MADRID (AP) — A military transport plane crashed near Seville airport in southwestern Spain on Saturday, killing at least three crew members, officials said.
Spain’s Prime Minister Mariano Rajoy said up to 10 crew members were aboard the brand new Airbus A400M aircraft that was undergoing flight trials at the airport.
An Interior Ministry spokeswoman at the scene of the crash told The Associated Press that two injured crew members had been rescued alive and taken to hospitals in Seville, one still conscious and another with serious burns.
She said three bodies have been recovered from the wreckage, which is still being inspected. She spoke on condition of anonymity because her name is not allowed to be cited in the press.
Airbus confirmed the crash in a statement and said the aircraft was intended for delivery to Turkey.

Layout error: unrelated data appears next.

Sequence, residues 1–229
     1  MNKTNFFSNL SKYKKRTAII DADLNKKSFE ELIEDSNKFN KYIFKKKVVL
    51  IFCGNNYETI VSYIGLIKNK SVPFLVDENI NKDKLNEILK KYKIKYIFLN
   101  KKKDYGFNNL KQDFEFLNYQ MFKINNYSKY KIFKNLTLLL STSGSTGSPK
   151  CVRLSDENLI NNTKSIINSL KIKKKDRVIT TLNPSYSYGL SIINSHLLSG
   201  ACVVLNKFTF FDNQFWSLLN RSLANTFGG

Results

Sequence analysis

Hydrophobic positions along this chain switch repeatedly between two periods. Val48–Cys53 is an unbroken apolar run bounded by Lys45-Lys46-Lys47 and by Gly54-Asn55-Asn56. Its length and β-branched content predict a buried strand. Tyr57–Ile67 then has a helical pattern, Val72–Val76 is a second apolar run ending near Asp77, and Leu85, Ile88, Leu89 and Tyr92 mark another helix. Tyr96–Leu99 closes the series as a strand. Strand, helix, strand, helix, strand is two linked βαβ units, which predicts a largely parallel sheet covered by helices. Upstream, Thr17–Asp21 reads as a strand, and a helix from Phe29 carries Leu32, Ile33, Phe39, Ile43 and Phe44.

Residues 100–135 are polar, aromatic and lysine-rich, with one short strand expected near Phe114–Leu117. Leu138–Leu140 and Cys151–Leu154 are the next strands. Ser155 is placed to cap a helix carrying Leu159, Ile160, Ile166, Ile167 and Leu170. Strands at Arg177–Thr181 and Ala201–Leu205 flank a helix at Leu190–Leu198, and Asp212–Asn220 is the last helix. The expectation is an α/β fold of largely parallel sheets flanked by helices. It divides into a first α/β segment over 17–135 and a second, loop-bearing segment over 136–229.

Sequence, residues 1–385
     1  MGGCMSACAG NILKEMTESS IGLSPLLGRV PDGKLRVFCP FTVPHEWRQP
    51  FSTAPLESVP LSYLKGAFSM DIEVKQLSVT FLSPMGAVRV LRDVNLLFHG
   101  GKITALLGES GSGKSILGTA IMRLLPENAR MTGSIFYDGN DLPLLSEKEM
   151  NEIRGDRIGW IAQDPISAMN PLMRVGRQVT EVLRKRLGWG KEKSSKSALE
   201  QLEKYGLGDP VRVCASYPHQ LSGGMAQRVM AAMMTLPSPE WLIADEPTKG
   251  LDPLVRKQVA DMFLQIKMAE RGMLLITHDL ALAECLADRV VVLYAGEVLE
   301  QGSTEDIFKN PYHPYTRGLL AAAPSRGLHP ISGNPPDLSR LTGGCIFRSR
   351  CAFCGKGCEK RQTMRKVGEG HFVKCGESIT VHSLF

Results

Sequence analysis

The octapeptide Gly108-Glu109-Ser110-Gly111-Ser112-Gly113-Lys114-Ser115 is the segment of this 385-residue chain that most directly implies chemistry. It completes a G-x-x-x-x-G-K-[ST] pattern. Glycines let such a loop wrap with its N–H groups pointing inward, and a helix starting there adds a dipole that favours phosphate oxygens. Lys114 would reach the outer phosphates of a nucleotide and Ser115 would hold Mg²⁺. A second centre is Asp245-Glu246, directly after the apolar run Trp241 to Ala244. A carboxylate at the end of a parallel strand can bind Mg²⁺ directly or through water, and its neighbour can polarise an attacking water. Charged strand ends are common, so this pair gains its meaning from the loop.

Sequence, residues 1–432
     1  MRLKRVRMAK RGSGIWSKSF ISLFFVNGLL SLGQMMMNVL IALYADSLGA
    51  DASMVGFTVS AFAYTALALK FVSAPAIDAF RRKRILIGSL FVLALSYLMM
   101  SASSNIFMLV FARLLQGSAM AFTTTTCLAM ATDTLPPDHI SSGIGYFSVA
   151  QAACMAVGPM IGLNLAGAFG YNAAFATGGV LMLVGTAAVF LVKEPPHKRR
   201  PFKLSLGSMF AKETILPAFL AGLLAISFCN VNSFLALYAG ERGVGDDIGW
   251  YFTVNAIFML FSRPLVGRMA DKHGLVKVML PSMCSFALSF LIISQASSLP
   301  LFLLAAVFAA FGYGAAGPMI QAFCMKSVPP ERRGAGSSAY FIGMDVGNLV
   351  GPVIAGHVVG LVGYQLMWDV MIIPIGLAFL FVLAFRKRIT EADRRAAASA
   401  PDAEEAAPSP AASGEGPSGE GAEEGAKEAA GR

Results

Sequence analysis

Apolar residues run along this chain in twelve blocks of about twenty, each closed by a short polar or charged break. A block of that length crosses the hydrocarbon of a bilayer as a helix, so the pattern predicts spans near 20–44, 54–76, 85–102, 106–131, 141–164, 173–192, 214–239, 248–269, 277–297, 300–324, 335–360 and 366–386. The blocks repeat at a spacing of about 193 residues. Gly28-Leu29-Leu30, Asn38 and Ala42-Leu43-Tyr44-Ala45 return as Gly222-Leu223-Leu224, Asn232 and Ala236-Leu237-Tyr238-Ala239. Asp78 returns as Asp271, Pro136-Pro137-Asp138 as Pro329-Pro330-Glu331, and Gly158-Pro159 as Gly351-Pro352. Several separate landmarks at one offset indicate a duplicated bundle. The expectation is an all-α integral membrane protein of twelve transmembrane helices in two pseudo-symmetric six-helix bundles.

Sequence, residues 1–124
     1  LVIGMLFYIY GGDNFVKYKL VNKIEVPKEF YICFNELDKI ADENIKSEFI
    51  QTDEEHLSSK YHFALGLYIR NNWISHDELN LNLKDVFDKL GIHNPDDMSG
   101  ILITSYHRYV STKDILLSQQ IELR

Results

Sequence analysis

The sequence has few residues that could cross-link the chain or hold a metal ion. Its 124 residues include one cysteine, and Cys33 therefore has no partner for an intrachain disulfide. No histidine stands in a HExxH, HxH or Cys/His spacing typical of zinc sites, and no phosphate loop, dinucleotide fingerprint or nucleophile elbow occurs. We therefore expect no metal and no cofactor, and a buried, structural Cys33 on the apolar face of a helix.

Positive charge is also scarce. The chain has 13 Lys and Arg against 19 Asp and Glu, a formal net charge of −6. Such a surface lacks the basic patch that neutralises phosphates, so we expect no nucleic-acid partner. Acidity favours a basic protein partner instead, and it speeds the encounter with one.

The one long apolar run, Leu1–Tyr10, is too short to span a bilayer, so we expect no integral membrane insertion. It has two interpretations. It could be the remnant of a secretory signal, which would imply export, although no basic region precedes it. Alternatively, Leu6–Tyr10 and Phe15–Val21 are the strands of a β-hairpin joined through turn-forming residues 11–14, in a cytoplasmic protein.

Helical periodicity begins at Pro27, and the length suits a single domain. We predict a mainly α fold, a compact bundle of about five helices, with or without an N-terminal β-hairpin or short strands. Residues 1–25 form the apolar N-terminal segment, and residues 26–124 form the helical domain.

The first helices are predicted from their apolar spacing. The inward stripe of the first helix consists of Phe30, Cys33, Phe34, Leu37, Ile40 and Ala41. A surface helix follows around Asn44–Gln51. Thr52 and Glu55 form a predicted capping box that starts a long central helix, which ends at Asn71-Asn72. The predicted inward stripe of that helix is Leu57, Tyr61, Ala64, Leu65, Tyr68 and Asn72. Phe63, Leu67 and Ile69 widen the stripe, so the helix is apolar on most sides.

Seville is the final assembly point for the A400M — a large, propeller-driven transport aircraft. First delivered in 2013, some 194 have been ordered by eight countries — including Spain — to replace their aging Hercules fleets.
Britain’s Ministry of Defense said Saturday it has suspended use of the Airbus A400M after the crash.
The ministry said use of Britain’s two A400M’s had been “temporarily paused” as a precaution.
Spain’s air traffic controllers said on their Twitter account that the pilots had communicated just before the impact that a fault was affecting the flight. The impact occurred a mile north of Seville airport, they said.
Spain’s airport authority AENA said that Seville airport had been closed for just over 1 1/2 hours as its fire crews went to attend the plane crash outside its perimeter fence. Three incoming flights to Seville were diverted to Malaga and Jerez airports, AENA said.
The crash also knocked out power at an industrial estate in the suburb of Carmona, AENA said.
The controllers said one of the flights diverted to Malaga was a transport plane used to deliver aircraft parts for assembly. It had been flying in from an Airbus facility in Hamburg, Germany.
Jill Lawless in London contributed to this report.